What are the rules regarding repairs and alterations?
Your tenant may not alter the premises without your consent. The clause's "except as provided by law" language refers to the fact that in certain situations, tenants have narrowly defined rights to alter the premises, as long as they follow proper procedures (and always with notice to you). Examples include:
Alterations by tenants with a disability. Under federal and state law, tenants with a disability may modify their living space to the extent necessary to make the space safe and comfortable, as long as these modifications don't pose an unreasonable burden on you.
Satellite dishes and antennas. Federal law gives tenants limited rights to install wireless antennas and small satellite dishes.
Repair and deduct. Georgia courts recognize a tenant's right to repair defects and subtract the cost from the rent. Tenants must first give landlords a reasonable amount of time to do the repair, and must spend no more than a reasonable amount, using qualified and licensed workers.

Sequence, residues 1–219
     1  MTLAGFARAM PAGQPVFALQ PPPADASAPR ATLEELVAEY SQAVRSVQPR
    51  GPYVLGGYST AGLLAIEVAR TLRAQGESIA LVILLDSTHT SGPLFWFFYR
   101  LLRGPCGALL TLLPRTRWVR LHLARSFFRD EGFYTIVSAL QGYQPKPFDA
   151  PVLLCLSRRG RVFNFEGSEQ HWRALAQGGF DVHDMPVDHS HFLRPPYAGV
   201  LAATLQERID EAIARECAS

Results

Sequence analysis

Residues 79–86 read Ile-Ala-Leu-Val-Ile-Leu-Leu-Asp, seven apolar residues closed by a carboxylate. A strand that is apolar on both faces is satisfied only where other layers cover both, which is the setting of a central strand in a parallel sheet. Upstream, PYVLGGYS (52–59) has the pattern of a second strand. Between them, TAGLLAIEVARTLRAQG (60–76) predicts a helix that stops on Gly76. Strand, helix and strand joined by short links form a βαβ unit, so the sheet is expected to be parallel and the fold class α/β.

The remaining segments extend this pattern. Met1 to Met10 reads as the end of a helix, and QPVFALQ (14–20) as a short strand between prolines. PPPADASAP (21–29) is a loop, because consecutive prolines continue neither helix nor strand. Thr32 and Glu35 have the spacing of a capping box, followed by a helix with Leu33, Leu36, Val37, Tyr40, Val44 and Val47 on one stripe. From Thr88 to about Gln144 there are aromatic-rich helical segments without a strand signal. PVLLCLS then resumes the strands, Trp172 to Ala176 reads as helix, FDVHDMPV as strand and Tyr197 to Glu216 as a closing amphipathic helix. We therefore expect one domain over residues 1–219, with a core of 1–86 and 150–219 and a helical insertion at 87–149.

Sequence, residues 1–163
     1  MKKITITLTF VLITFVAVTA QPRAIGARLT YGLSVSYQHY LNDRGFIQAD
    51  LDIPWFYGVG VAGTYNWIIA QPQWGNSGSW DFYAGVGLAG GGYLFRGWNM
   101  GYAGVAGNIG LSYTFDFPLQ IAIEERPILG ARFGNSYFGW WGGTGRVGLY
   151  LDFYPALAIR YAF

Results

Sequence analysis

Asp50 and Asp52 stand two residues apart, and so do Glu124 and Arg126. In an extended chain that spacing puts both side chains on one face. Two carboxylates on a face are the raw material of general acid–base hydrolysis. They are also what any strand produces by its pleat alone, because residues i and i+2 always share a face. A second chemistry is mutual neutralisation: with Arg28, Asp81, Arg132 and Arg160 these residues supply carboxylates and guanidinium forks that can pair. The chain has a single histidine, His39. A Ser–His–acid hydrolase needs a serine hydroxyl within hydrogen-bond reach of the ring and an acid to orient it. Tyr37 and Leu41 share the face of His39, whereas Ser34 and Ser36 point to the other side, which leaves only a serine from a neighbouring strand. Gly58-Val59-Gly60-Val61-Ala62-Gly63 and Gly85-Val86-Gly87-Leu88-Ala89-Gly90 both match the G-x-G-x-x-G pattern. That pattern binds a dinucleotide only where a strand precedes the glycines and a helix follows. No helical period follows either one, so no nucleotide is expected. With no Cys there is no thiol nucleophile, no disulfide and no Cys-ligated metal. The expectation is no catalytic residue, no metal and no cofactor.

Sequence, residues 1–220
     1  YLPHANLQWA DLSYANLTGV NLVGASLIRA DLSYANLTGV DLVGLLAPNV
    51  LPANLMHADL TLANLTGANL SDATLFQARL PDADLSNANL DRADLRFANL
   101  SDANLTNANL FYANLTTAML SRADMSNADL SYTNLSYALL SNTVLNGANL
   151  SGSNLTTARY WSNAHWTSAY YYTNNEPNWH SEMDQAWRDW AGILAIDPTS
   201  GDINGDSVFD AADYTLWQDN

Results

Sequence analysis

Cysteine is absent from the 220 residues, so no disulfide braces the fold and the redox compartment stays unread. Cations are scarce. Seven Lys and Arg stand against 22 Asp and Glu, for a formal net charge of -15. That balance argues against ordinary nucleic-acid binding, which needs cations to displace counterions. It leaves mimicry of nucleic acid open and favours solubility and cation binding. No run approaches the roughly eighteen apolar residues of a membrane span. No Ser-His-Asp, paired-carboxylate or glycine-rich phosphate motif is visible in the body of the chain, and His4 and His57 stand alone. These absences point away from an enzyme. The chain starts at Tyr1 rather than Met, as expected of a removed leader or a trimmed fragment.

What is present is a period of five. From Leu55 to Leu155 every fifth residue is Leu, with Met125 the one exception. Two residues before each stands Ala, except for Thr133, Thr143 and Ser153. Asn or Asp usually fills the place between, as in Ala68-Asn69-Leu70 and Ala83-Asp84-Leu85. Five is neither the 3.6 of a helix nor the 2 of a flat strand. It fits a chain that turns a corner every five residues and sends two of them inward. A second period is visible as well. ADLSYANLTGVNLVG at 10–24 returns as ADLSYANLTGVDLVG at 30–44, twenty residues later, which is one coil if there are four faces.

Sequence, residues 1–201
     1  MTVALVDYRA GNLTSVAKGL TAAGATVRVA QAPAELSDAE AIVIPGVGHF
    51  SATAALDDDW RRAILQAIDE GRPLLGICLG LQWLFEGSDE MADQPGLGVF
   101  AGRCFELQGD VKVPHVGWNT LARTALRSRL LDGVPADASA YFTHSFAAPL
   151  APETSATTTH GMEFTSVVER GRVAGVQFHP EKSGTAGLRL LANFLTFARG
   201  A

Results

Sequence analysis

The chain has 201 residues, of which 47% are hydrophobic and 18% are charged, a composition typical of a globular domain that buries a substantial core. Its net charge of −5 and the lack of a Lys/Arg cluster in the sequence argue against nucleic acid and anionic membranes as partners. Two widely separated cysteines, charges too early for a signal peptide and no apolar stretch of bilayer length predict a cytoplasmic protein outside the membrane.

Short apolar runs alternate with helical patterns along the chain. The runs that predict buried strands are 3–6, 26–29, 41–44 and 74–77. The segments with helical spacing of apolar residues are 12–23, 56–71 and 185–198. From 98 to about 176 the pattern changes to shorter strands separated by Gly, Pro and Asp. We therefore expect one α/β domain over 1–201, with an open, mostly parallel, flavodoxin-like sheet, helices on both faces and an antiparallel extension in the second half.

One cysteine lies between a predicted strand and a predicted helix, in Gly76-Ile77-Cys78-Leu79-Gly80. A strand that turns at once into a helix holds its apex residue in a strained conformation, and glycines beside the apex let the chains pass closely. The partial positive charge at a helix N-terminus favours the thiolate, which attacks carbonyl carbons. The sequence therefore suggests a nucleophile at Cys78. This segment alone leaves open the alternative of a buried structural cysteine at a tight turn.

How do I supply legally-required lead-hazard documentation?
With some exceptions, all landlords must complete the federally required Lead Paint and Lead-Paint Hazards Disclosure form and give it to prospective tenants. Your lease includes a clause in which landlords who are not exempt from this requirement state that they have complied with the rule (exemptions are explained in the Help sections of the clause). You can download the Disclosure of Information on Lead-Based Paint and/or Lead-Based Paint Hazards from the EPA website. Fill it out by hand. Fill it out by hand. Be sure to keep a copy for your records.
Note that if you're renting a unit in a multitenant building, the requirement that you disclose information includes records and reports concerning common areas and other units, when such information was obtained as a result of a buildingwide evaluation.
If you are not exempt, you will also need to give your tenant a copy of the EPA pamphlet, Protect Your Family From Lead in Your Home, available at the EPA website.